A meme has been circulating online during the pandemic featuring Tiktaalik roseae, the iconic, four-legged “fishapod” that first made the transition from water to land 375 million years ago. Most variations show Tiktaalik poking its head out of the water and ready to crawl ashore, while an out-of-frame hand threatens it with a rolled-up newspaper or a stick.
The joke is that those of us exhausted by the modern world wish we could go back in time, shoo it back into the water, and stop evolution in its tracks—sparing ourselves the present day of war, pestilence and internet memes.
As it turns out, one of Tiktaalik’s close relatives did just that, opting to return to living in open water instead of venturing onto land. A new study from the laboratory of University of Chicago paleontologist Neil Shubin, who co-discovered Tiktaalik in 2004, describes a fossil species that closely resembles Tiktaalik but has features that made it more suited to life in the water than its adventurous cousin.
Qikiqtania wakei was small—just 30 inches long—compared to Tiktaalik, which could grow up to nine feet. The new fossil includes partial upper and lower jaws, portions of the neck, and scales. Mostly importantly, it also features a complete pectoral fin with a distinct humerus bone that lacks the ridges that would indicate where muscles and joints would be on a limb geared toward walking on land. Instead, Qikiqtania’s upper arm was smooth and curved, more suited for a life paddling underwater. The uniqueness of the arm bones of Qikiqtania suggest that it returned to paddling the water after its ancestors began to use their appendages for walking.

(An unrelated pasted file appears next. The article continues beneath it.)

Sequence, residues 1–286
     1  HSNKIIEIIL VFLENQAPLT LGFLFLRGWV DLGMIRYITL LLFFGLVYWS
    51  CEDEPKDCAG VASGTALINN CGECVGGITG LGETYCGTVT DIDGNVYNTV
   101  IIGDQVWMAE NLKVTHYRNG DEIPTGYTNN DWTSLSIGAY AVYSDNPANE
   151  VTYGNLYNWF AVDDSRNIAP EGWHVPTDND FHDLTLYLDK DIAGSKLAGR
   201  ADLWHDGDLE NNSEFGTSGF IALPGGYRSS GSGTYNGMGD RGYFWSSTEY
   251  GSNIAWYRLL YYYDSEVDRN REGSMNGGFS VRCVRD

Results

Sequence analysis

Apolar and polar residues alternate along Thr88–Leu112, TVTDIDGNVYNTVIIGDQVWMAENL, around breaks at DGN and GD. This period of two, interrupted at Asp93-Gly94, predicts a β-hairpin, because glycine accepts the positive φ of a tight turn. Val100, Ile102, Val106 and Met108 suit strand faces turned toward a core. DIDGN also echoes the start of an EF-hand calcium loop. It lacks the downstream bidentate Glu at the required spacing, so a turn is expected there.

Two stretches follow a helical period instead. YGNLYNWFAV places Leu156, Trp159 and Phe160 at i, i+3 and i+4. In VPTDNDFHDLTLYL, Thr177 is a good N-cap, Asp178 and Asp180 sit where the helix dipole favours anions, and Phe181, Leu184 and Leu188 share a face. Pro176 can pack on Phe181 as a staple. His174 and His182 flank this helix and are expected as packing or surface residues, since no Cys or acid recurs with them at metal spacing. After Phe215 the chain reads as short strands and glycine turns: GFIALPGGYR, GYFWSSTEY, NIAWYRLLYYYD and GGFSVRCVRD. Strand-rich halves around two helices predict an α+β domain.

“At first we thought it could be a juvenile Tiktaalik, because it was smaller and maybe some of those processes hadn’t developed yet,” Shubin said. “But the humerus is smooth and boomerang-shaped, and it doesn’t have the elements that would support it pushing up on land. It’s remarkably different and suggests something new.”
A prehistoric pandemic project
Shubin, who is the Robert R. Bensley Distinguished Service Professor of Organismal Biology and Anatomy at the University of Chicago, found the fossil days before Tiktaalik was discovered, at a site about one mile east on southern Ellesmere Island in the territory of Nunavut in northern Arctic Canada. The name Qikiqtania (pronounced kick-kick-TAN-ee-ya) comes from the Inuktitut word Qikiqtaaluk or Qikiqtani, the traditional name for the region where the fossil site is located. The species designation wakei is in memory of the late David Wake, an eminent evolutionary biologist from the University of California, Berkeley.
Shubin and his field partner, Ted Daeschler with the Academy of Natural Sciences of Drexel University, collected the specimens from a quarry after spotting a few promising looking rocks with distinctive, white scales on the surface. But they sat in storage, mostly unexamined, while the team focused on preparing Tiktaalik.
Fifteen years later, the discovery of Qikiqtania became another pandemic story. Postdoctoral researchers Justin Lemberg and Tom Stewart CT-scanned one of the larger rock specimens in March 2020 and realized that it contained a pectoral fin. Unfortunately, it was too deep inside the rock to get a high-resolution image, and they couldn’t do much more with it once the pandemic forced labs to close.
“We were trying to collect as much CT-data of the material as we could before the lockdown, and the very last piece we scanned was a large, unassuming block with only a few flecks of scales visible from the surface,” said Lemberg, who is now doing cultural resource management fieldwork in Southern California.
“We could hardly believe it when the first, grainy images of a pectoral fin came into view," he said. "We knew we could collect a better scan of the block if we had the time, but that was March 13, 2020, and the University shut down all non-essential operations the following week.”
In the summer of 2020, when campus facilities reopened, they contacted Mark Webster—professor in the Department of Geophysical Sciences—who had access to a saw that could trim pieces off the specimen, so that a CT scanner could get closer and produce a better image. Stewart and Lemberg carefully marked the boundaries on the block and arranged an exchange outside their lab in Culver Hall. The resulting images revealed a nearly complete pectoral fin and upper limb, including the distinctive humerus bone.